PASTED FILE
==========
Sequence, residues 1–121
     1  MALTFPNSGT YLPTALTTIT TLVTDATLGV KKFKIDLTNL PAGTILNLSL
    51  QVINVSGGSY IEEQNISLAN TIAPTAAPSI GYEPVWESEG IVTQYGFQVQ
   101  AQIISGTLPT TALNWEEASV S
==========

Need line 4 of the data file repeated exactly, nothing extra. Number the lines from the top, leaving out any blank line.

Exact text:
   101  AQIISGTLPT TALNWEEASV S